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Water Authority Disappointed Over California's New Rules


The San Diego County Water Authority Wednesday offered praise and criticism for cutbacks ordered by state water officials in the face of California's severe drought.

The state Water Resources Control Board voted 5-0 Tuesday night to fulfill Gov. Jerry Brown's demand for a 25 percent reduction in water use by assigning conservation targets for individual water agencies.

Water districts in San Diego County will have to cut back between 8 percent and 36 percent.

Mark Weston, chairman of the Water Authority, said he was pleased that the order will protect the $1.9 billion local agriculture business.

"However, we are disappointed that the board's regulations do not encourage the development of new water supplies," Weston said.

"Despite requests by the Water Authority and others, the regulations don't give credit to regions that have prudently planned for dry periods by investing in drought-proof water supplies such as the Carlsbad Desalination Project, which will produce 50 million gallons per day for San Diego County starting this fall," Weston said.

He said that project and other investments will allow the authority to meet the typical water demands of the county in the upcoming fiscal year, despite a 15 percent reduction in deliveries planned by one of the prime sources of imported water — the Metropolitan Water District.

The Water Authority will store more water in area reservoirs in case the drought continues, Weston said.

He said the ordered conservation targets will be tough to meet because the San Diego region has been cutting back for years.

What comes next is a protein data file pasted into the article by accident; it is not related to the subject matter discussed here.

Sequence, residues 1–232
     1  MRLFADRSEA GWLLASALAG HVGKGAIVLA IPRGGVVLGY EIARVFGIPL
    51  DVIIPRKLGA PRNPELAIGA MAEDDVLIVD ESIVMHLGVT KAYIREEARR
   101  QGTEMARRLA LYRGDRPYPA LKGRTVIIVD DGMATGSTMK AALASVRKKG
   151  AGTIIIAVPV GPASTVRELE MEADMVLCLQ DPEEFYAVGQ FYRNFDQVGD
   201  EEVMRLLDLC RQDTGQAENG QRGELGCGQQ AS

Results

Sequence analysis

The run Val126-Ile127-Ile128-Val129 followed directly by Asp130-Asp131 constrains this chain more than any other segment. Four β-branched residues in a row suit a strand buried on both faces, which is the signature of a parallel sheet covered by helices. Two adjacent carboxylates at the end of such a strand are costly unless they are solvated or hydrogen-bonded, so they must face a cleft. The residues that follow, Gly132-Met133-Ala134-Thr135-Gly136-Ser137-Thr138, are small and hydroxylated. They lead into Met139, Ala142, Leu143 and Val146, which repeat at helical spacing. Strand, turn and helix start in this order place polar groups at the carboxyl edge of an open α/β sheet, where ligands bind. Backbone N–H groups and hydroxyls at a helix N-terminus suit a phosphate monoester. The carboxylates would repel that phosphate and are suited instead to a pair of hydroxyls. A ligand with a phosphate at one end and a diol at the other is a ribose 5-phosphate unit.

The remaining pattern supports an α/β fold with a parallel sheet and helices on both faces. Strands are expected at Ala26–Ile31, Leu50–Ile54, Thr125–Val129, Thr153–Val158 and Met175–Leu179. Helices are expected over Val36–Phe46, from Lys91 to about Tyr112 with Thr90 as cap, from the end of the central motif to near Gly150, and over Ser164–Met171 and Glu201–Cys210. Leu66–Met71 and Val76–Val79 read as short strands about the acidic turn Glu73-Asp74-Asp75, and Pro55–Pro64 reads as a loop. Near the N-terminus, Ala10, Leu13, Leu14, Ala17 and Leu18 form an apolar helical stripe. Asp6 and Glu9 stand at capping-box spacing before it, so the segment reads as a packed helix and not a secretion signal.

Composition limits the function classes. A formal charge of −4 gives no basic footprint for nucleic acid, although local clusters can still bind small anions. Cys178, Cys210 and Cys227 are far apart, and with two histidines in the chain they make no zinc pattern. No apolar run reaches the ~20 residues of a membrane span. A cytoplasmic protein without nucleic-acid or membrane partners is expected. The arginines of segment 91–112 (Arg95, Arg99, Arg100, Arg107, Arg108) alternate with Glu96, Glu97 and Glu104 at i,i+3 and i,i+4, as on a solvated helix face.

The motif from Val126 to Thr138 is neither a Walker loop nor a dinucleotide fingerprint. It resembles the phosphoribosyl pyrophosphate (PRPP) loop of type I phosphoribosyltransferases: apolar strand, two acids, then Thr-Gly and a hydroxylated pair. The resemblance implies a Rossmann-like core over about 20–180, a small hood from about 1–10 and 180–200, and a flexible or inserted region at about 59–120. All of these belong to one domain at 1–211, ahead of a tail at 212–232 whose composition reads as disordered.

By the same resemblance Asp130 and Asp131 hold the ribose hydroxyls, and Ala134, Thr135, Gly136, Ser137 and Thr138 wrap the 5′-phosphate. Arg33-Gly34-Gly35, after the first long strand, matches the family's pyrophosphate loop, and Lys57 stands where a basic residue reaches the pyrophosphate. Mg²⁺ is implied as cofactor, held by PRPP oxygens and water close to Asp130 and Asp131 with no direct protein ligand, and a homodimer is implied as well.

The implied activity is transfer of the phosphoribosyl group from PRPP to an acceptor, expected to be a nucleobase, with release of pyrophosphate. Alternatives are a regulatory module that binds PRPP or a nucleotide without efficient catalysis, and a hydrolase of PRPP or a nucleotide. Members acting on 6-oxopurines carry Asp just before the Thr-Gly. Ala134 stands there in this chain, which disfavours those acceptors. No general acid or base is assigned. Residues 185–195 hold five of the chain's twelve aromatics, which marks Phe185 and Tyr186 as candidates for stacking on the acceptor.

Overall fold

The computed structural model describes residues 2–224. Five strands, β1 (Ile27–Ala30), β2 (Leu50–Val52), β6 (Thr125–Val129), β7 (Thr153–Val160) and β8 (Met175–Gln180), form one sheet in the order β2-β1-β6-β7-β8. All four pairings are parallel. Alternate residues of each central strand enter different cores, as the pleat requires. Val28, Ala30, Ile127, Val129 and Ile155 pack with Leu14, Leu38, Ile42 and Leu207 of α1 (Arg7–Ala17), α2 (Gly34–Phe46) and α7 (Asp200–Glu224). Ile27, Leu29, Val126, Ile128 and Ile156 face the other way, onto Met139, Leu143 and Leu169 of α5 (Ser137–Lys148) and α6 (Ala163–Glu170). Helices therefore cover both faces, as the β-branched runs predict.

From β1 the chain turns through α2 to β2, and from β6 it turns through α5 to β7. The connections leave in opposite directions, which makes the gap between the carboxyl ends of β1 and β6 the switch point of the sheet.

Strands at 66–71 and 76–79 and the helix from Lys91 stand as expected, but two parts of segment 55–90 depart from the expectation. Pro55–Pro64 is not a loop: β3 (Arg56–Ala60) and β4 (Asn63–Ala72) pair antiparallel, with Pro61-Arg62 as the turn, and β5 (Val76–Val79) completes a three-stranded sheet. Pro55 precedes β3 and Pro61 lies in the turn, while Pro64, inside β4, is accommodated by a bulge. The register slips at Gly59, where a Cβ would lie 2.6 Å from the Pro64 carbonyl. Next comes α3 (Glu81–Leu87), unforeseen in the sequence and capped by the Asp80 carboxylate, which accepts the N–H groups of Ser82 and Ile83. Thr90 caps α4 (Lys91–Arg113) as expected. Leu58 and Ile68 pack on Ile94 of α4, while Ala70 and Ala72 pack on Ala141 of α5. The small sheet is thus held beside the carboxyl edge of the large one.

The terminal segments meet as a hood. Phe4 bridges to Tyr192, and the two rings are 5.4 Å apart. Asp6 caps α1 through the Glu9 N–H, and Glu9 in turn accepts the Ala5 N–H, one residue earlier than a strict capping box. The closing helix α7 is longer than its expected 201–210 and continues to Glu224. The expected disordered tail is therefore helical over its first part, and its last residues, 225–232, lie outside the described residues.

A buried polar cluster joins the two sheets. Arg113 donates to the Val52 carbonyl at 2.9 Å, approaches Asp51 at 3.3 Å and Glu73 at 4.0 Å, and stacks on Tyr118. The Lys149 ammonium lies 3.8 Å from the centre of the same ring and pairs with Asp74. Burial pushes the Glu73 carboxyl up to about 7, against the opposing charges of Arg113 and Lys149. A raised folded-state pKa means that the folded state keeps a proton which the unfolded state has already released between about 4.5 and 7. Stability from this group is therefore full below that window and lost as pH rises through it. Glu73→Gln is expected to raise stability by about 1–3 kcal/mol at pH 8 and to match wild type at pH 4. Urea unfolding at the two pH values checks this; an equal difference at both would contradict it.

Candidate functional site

"Our regional approach centers on reducing ornamental landscape irrigation first so we can minimize disruption to the county's economy," Weston said.

"This will require everyone cutting their water use even more," he said. "Time and again our region has pulled together to respond to prolonged droughts and other challenges such as wildfires, and I expect this time will be no different."

The Water Authority board will consider a series of actions at its May 14 meeting in response to the state order.

The California-American Water Company San Diego District received the lightest local cutback order from the Water Resources Control Board, at 8 percent. Other mandatory reductions for local districts include:

• Sweetwater, 12 percent;

• city of San Diego, 16 percent;

• Helix, Padre Dam and Otay districts, and the cities of Escondido and Oceanside, 20 percent;

• Vista Irrigation District, 24 percent;

• Carlsbad Municipal, Ramona and San Dieguito districts, 28 percent;

• city of Poway, 32 percent;

• Olivenhein Municipal, Rainbow Municipal and Valley Center Municipal districts and the Santa Fe Irrigation district, 36 percent.